that are inappropriate or cannot be delivered. Most charters were very cautious
in this respect, with some failing to contain any standards whatsoever. Where
they were included, the tendency was to focus upon matters of process, such as
assessment waiting times, rather than standards of service output or outcome.
Charter champions. Each of the three local agencies is required to appoint
a lead "champion" who should be named in the charter to take
responsibility for its development. Around a third of charters failed to even
name the champions, which gives a poor message about access and accountability.
Champions do not always find their role straightforward – it may be bolted on
to existing responsibilities and left in the hands of unsupported middle
managers in social services. The better charters tended to arise where
ownership of the role of champion was corporate rather than individual; the
poorer charters fused the champion role with that of complaints procedures.
Organisational ownership. A local charter will never be meaningful if the
frontline staff who have to implement it know little about it, but in some
areas it seemed that relevant staff were only dimly aware of its existence.
With some honourable exceptions, joint or even single-agency training was
noticeable mainly for its absence.
with their predecessors, the community care charters, the Better Care Higher
Standards charters are much more uniformed, but the first round of charters
has not resulted in the sort of consistency that may have been expected.
Whatever the rights and wrongs of central prescription, the latest set of
guidance from DoH and DTLR3 leaves ever less room for wriggling out
of the demands of a national template. Some of the key requirements of the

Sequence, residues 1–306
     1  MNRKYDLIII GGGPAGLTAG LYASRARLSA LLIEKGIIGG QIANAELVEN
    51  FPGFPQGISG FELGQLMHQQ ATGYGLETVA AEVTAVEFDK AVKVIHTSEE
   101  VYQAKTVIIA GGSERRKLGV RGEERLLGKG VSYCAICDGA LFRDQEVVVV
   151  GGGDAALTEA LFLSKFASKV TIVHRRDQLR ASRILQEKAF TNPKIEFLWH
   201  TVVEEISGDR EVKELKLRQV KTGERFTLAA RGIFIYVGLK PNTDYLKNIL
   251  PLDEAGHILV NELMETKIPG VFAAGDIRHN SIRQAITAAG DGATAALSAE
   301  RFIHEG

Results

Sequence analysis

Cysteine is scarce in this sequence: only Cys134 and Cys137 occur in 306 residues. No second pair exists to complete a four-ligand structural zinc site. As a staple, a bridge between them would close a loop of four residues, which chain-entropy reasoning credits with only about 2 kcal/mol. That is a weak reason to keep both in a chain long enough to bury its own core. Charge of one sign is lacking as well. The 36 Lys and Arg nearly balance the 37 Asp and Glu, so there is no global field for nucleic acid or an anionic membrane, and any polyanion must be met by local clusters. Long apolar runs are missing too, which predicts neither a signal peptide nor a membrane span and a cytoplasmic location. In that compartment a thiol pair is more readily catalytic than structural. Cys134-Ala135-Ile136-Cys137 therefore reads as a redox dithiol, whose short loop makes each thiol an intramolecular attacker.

revised guidance are:
Charters should set minimum standards in relation to both process and outcomes
for users and carers.
Authorities must develop a jointly agreed strategy for providing information
about long-term care services for inclusion in the 2002-3 charters, including
details of training for frontline staff and the provision of one-stop shops.
Named charter champions should in future be second-tier managers to ensure
charter development receives proper consideration and priority at senior level
across the three services.
all of this suggests is that the Better Care Higher Standards charters
are not going to be allowed to wither on the vine in the same way as the
Conservative initiatives of the past decade. There is a better understanding
that charters need to be more explicit and that those charged with
responsibility for implementing them need to more clearly accountable. And
there is a better recognition that unless charters are, at least in part,
shaped by the views and concerns of those who implement them and those who may
benefit from them, then their effect will be peripheral.
is all to the good, but what will worry local authorities is that they may be
stampeded into setting standards that they cannot find the resources to meet.
One possible approach may be to distinguish between different types of
standard. At least three types can be identified: minimum standards which must
be reached; average standards (or norms) – levels of service that most
providers may be expected to meet most of the time; and best practice – that
which is aspired to but which it may not always be possible to meet.
seldom specify which type is being referred to, and all three could be in play
simultaneously. There may well still be some legitimate suspicion of the whole
notion of charters, especially where these are being centrally imposed. But is
it not reasonable for a potential or actual recipient of long-term care to
expect to be able to identify at least some unequivocal minimum standard of
care which will normally be made available? cc
IBynoe, Beyond the Citizen’s Charter: New Directions for Social Rights,
Institute for Public Policy and Research, 1996.
DoH/DTLR, Better Care Higher Standards: Guidance for 2001/02. LAC 6: HSC
B Hudson, PFletcher, TRandall, and GWistow, Meeting the Standard? Analysis
of the First Round of Local Better Care Higher Standards Charters. Nuffield
Institute for Health, 2000.
government guidance Better Care Higher Standards can be viewed at www.doh.gov.uk/longtermcare/index.htm
Hudson is principal research fellow at the Nuffield Institute for Health,
University of Leeds.